This is a chapter which you have read hundreds of times, perhaps, I am sure it is one that needs no comment from me. I shall read it through with scarcely a sentence of comment.
Isaiah 53:1-9. Who hath believed our report? and to whom is the arm of the LORD revealed? For he shall grow up before him as a tender plant, and as a root out of a dry ground: he hath no form nor comeliness; and when we shall see him, there is no beauty that we should desire him. He is despised and rejected of men; a man of sorrows, and acquainted with grief: and we hid as it were our faces from him; he was despised, and we esteemed him not. Surely he hath borne our griefs, and carried our sorrows: yet we did esteem him stricken, smitten of God, and afflicted. But he was wounded for our transgressions, he was bruised for our iniquities; the chastisement of our peace was upon him; and with his stripes we are healed. All we like sheep have gone astray; we have turned every one to his own way; and the Lord hath laid on him the iniquity of us all. He was oppressed, and he was afflicted, yet he opened not his mouth: he is brought as a lamb to the slaughter, and as a sheep before her shearers is dumb, so he openeth not his mouth. He was taken from prison and from judgment: and who shall declare his generation? for he was cut off out of the land of the living: for the transgression of my people was he stricken. And he made his grave with the wicked, and with the rich in his death; because he hath done no violence, neither was any deceit in his mouth.
A strange reason for making his grave with tire wicked, and yet remember if it had not been that he had done no violence, he would not have been fit to be a substitute for sinners, and so he was numbered with transgressions-sots to redeem men.
Isaiah 53:10-12. Yet it pleased the LORD to bruise him; he hath put him to grief; when thou shalt make his soul an offering for sin, he shall see his seed, he shall prolong his days, and the pleasure of the Lord shall prosper in his hand. He shall see of the travail of his soul, and shall be satisfied; by his knowledge shall my righteous servant justify many; for he shall bear their iniquities. Therefore will I divide him a portion with the great, and he shall divide the spoil with the strong; because he hath poured out his soul unto death; and he was numbered with the transgressors; and he bare the sin of many, and made intercession for the transgressors.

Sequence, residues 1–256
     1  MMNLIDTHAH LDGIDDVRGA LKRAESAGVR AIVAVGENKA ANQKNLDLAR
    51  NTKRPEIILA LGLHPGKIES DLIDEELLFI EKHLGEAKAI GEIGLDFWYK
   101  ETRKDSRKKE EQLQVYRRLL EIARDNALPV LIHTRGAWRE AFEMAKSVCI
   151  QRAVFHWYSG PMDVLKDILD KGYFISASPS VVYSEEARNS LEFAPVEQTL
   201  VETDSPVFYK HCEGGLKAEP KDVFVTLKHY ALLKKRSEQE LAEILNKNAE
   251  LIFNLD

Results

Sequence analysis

How clearly you have before you here our blessed Redeemer, and how strong are the expressions used by Isaiah to set forth his substitution. If he did intend to teach us the doctrine that Christ suffered in the place and stead of his people, he could not have used more expressive words; and if he did not intend to teach us that truth, it is marvellous that he should have adopted a phraseology so likely to mislead. Yes, we believe and hold it fast, that Christ did take the sins of his people verily and truly upon himself, and did in proper person make a complete expiation for the guilt of all his chosen, and in this we find our hearts’ best confidence: —
“Our soul can on this doctrine live,
Can on this doctrine die.”
Have you and I an interest in this atonement, or must the complaint be made concerning us: “Who hath believed our report, and to whom is the arm of the Lord revealed?”? While I was reading just now, could you say by faith, “Yes, surely he hath borne our griefs, and carried our sorrows Have you an appropriating faith, which takes the sufferings of Christ to be its own? Do you now humbly, but yet confidently, look to Jesus Christ, the great Burden-bearer on yonder tree, and know that your guilt was there? If so, rejoice, and walk worthily of your calling. If not, soul, you do not know the first letters of the alphabet of religion? May the Lord teach you, for his name’s cake.